The Return of the Birds!

Possible Classroom Concepts: Science – Seasons (Spring), Birds (Migration)

Mathematics – Fractions, Social Studies – Map Skills

Possible Art Concepts: Art History – Charley Harper, Giacomo Balla, Bouchra Khalili

Abstraction, Illustration, Shapes (Geometric and Organic), Printmaking (Silkscreening)

When I’m talking about the birds here, I’m not talking about a sequel to Alfred Hitchcock’s  movie “The Birds”. Nor am I talking about the Baltimore Orioles baseball team. I’m talking about real physical birds that return in spring. We all know that robins are famous for returning this time of year, but they aren’t the only ones. From my little house on a creek, I’ve noticed the osprey are back in full force. We counted five flying around just the other day. If you are interested in what birds are returning to your area, check out this website. So, if you are interested in spicing up your seasonal or bird unit, this is the post for you.

In my last post, I wrote about spring blossoms. One of the suggested blossom branch lessons (found here)  talked about adding Charley Harper inspired birds. Harper was a painter, printmaker, illustrator who created birds and animals from simplified shapes. Check out the ways he simplified his subjects here and here. Can your students identify the geometric shapes (named shapes found in mathematics) and organic shapes (shapes that don’t have names and remind us of objects in nature)?  What would you say is Harper’s favorite bird shape? Might it be the teardrop shape?  If you happen to be studying birds and fractions at the same time, use Harper as an inspiration and try out this lesson.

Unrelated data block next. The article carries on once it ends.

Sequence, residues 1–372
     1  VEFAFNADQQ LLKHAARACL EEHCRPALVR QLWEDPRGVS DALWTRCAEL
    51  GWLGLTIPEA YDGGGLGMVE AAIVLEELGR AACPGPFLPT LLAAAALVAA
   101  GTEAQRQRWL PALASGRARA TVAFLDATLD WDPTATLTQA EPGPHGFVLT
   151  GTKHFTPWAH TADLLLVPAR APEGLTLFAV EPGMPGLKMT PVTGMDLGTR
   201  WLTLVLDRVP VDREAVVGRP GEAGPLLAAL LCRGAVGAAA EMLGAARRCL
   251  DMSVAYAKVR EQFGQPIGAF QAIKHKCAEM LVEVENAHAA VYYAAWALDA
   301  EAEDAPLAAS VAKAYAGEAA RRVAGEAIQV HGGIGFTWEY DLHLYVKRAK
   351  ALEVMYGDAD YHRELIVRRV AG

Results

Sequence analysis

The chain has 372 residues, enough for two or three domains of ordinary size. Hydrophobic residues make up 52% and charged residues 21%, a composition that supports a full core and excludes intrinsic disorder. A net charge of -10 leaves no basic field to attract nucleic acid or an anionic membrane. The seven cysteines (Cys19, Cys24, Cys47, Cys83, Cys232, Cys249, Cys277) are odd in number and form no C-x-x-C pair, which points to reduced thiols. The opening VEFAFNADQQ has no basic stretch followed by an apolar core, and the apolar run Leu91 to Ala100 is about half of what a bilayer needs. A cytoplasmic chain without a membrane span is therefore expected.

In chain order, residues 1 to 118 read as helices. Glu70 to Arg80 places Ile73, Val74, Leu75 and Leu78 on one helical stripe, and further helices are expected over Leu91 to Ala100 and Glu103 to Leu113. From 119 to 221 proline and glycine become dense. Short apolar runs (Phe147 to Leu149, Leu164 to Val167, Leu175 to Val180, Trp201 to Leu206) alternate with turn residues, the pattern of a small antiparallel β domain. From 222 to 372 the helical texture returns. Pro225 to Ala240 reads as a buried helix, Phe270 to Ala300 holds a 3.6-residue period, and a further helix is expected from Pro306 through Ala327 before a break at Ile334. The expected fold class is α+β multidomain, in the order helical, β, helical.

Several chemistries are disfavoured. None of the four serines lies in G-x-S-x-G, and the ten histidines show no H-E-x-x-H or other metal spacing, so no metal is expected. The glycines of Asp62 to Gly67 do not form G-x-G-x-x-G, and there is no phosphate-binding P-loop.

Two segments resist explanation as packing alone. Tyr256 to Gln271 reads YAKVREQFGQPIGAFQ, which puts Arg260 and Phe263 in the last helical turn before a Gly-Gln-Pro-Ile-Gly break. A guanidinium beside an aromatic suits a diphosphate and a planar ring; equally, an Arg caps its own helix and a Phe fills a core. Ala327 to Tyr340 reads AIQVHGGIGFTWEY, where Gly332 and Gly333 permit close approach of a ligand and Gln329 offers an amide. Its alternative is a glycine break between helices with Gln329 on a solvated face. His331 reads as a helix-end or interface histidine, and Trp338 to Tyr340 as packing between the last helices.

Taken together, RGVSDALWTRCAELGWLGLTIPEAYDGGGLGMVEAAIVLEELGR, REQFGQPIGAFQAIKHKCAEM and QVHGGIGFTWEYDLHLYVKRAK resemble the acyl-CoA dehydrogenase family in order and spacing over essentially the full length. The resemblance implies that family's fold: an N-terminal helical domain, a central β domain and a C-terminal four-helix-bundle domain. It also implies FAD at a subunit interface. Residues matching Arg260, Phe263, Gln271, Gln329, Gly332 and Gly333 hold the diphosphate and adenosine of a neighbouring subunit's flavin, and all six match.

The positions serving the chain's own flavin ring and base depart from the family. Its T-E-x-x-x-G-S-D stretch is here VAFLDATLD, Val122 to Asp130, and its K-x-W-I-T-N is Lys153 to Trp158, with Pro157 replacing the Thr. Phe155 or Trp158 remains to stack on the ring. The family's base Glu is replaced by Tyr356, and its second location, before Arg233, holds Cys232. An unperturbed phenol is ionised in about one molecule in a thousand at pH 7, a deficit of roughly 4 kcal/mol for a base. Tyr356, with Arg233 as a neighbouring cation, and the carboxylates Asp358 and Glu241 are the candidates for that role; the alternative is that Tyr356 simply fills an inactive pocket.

I also love Charley Harper because he often shows his birds in motion. The first artists to try to emulate motion in paintings were called Futurists. Below note how Giacomo Balla repeats legs and the dog’s tail in “Dynamism of a Dog on a Leash” to show motion.


Now look back at the works by Charley Harper here and here to see how he repeats straight lines, curved lines and sometimes shaped outlines to create the illusion of bird movements. Find a moving bird lesson here. Students could also create collaged moving birds in a spring theme. Students could brainstorm bird actions (flying to a nest to feed their babies, flying to a bird house, birds splashing in a bird bath or puddle, taking off or landing). Next, they could create their bird bodies and heads from cut and glued basic shapes. Last, students can print the wings over and over again using the edges of straight cardboard or toilet paper rolls in the construction method found in this lesson, or this lesson. If you’d like to make a 3D version of a moving bird use this lesson as an inspiration.